3. Be There And Listen
Being physically present can be more powerful than anything you may say. In fact, most of the time, it is quite possible that you may say the wrong thing. You don't have to know the right things to say all the time. The aim is just to get the person with anxiety disorder to talk. Keep it simple and then be ready to lend a listening ear.
What you should not say:
- "I understand what you are going through"
- "Let me know if you need me."
- "You ll get over it"
- "When I feel anxious and unhappy, I will..."
What you could say:
- Instead of pretending to know exactly what the other person is feeling, validate how they are feeling "I can't imagine what you are going through right now, but I know you are unhappy/anxious and I care about you."
- Don't just offer blanket open support. Take the initiative and action and offer something concrete. " Can I bring you out for coffee tomorrow?" or "I will call you later and we can chat."
- The anxiety and panic that individuals with anxiety disorders experience are different from the normal anxiety that you feel. It can be a very intense and fearful experience so don't simply dismiss the seriousness of it by telling the person that he/she will get over it. Instead you can say "I am hopeful you will recover and I will be here to help you through it if you need me."
- It's good to share your experience of anxiety (if any), but the more important thing is to focus on the individual and allow him/her to know that they can talk openly and you will listen without judgement. "You can talk to me about anything and I am not here to judge you. I am here if you need someone to talk to."
4. Don't Expect Miracles
It takes time for someone with anxiety to deal with their illness (if they even seek treatment at all). According to the Anxiety and Depression Association of America (ADAA), people who use cognitive behavioral therapy (a common solution for anxiety problems) will see the benefits only after 12 to 16 weeks, depending on the individual. So, it can be a long and ongoing process. Therefore, don’t expect any miracles.
Knowing how to help someone with anxiety means you need to be ready to forgive and don't get frustrated. Anxiety can cause an individual to behave irrationally out of fear and confusion. Forgive any hurtful things that they may say or do to you. Managing anxiety disorders take time so never give up on them and make sure you let them know it too.
It is also important to recognize and celebrate every victories, be it big or small. Remind the person who is dealing with anxiety to give thanks to himself or herself for the effort put it. This helps to keep you and as well the individual suffering from anxiety positive and also help to break down your goals and milestones to a more manageable level.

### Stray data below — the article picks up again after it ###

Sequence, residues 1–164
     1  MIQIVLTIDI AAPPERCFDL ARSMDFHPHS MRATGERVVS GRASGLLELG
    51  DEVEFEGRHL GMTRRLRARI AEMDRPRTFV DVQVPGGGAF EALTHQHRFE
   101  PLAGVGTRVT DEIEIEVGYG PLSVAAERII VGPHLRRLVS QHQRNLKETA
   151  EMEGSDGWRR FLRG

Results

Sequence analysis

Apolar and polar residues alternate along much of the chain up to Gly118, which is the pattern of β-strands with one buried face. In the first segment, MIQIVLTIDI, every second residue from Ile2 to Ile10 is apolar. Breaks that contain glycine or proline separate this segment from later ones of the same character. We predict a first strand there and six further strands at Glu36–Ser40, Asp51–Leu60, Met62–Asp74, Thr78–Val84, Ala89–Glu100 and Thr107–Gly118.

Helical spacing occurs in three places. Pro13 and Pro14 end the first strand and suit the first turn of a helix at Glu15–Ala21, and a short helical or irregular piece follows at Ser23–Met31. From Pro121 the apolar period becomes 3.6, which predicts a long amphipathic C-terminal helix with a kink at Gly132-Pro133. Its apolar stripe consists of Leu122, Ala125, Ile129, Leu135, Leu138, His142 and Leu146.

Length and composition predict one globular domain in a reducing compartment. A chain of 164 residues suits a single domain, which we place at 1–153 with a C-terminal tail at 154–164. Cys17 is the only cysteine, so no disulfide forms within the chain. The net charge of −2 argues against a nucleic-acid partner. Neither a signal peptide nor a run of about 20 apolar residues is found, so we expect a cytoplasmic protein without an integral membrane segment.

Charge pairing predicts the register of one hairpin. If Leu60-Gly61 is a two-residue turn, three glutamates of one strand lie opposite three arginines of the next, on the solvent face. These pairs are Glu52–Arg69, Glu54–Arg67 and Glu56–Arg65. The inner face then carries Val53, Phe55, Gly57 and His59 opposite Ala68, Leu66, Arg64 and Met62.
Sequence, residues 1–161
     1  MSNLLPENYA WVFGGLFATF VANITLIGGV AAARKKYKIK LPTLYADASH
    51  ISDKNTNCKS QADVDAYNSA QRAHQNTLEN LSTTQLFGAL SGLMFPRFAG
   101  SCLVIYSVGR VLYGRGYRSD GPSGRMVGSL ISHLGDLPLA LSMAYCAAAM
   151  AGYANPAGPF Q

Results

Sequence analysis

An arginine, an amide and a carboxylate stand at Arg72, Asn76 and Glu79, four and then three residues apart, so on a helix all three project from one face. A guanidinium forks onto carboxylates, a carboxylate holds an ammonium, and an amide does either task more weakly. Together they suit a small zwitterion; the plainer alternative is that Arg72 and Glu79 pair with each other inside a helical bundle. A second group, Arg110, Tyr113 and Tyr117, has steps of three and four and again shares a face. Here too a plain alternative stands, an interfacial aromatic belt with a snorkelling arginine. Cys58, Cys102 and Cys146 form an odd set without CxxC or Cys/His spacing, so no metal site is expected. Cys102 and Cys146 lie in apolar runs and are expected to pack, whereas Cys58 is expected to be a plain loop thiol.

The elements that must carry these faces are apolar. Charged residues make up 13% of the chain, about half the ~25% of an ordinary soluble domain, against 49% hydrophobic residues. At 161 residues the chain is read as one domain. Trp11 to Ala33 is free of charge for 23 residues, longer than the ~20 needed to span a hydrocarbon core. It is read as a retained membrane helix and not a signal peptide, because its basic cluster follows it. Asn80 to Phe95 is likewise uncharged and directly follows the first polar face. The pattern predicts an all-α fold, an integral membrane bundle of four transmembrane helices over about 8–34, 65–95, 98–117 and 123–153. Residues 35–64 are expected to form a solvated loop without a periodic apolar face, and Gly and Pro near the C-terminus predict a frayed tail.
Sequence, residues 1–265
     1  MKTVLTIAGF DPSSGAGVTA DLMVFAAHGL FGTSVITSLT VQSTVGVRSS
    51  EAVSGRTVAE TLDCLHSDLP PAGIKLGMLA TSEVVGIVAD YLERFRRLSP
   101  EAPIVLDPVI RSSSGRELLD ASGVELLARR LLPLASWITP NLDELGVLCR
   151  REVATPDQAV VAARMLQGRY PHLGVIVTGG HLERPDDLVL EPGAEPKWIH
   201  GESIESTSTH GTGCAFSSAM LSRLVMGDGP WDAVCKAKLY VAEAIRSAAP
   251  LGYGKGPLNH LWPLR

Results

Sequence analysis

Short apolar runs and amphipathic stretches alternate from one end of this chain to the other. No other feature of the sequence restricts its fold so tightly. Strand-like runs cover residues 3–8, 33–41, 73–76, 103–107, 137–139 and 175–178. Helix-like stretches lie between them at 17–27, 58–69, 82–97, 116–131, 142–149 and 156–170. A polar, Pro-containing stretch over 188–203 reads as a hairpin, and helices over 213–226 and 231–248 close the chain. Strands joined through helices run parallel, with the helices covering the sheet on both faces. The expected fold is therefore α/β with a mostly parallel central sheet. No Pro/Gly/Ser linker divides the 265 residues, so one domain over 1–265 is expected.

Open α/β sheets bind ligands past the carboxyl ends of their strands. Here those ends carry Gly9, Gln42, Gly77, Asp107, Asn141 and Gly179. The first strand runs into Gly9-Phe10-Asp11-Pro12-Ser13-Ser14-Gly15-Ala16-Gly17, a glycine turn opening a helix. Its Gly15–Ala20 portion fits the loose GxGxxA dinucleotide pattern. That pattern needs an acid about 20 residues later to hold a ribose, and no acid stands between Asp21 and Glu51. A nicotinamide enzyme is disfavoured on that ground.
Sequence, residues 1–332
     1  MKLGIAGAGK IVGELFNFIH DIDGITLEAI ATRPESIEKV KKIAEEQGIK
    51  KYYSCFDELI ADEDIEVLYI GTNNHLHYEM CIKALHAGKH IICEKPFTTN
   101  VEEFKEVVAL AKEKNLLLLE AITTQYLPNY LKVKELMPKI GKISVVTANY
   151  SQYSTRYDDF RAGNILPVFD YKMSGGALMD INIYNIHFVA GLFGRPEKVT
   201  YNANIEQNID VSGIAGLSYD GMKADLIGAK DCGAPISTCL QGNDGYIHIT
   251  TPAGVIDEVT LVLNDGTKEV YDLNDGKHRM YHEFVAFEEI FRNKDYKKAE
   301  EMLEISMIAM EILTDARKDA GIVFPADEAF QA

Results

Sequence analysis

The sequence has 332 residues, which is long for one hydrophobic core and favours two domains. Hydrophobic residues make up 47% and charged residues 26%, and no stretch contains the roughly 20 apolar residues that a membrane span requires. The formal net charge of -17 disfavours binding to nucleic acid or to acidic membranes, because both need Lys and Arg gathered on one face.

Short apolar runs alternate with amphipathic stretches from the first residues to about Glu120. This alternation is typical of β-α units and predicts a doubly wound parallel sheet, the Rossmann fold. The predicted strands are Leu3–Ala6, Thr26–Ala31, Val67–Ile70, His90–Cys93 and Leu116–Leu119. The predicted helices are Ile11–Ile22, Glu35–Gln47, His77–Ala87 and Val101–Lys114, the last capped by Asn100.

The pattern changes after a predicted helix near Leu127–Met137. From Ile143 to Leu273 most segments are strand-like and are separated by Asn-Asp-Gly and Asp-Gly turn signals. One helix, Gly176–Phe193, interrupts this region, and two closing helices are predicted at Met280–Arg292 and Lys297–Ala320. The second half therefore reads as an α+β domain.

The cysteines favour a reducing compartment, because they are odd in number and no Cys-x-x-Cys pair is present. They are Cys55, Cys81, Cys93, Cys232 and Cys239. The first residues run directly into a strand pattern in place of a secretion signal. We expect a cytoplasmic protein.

5. Find Other Support
You can also look for support groups for caregivers or friends/family of those suffering from anxiety disorders. Besides offering you emotional support, you can also find great ideas on how to help someone with anxiety.
If these sorts of support groups are not available, don't be afraid to start you own as well. There are millions of people suffering from anxiety disorders, each with people who love and care for them. Contact your local community center or hospital to check if such support groups are available.
When dealing with a friend or family member's anxiety disorder, it is also important to remember to take care of your own health as well. Helping someone who is dealing with any kind of medical condition, including a mental illness, can be emotionally draining and physically difficult. Don't be afraid to ask for your own medical help by talking to a doctor or therapist. Take care of yourself so you can provide better support for others. You can improve your diet to help deal with any stress and anxieties. One of the easiest way to a better diet is juicing. For more information, you can read the article below.
- Juicing for Stress and Anxiety
Learn about essential nutrients, simple juicing recipes, and different types of juicers. Juicing for stress and anxiety is simple, natural, and totally effective.
This content is accurate and true to the best of the author’s knowledge and does not substitute for diagnosis, prognosis, treatment, prescription, and/or dietary advice from a licensed health professional. Drugs, supplements, and natural remedies may have dangerous side effects. If pregnant or nursing, consult with a qualified provider on an individual basis. Seek immediate help if you are experiencing a medical emergency.
© 2017 Kawai
Dianna Mendez on February 19, 2017:
Your section on Be there and listen is advice I will use with those who suffer from anxiety. I've had friends with feelings of anxiety and now I will know how to be supportive.
Brandon Clay Zolman from Mt. Vernon on January 25, 2017:
I also have general anxiety disorder, which also correlates with depression. Once one is triggered the other is at high alert and soon to follow. Personally I have come to dealing with it myself after dealing with this at a higher rate for the last 5-6 years. Mind you I am 21. The thing that makes the feelings worse for me, is when someone does tell me, "You'l get over it," or expect me to be fine after letting them in and telling them what is going on. Surround yourself with friends you can open up to and that WILL walk along side you through both the ups and downs. Typically talking about the situation at hand does not always address the deeper problem. Don't be too pushy but don't feel like you have failed them. You might not see them accepting your support, but they see your concern and it means everything.
Denise W Anderson from Bismarck, North Dakota on January 25, 2017:
I have general anxiety disorder and several members of my family have other types of anxiety. We have to be extra careful in our daily activities not to set off each other's triggers! We also have to take the time to listen to each other and do kind things to bolster each other's feelings of self worth.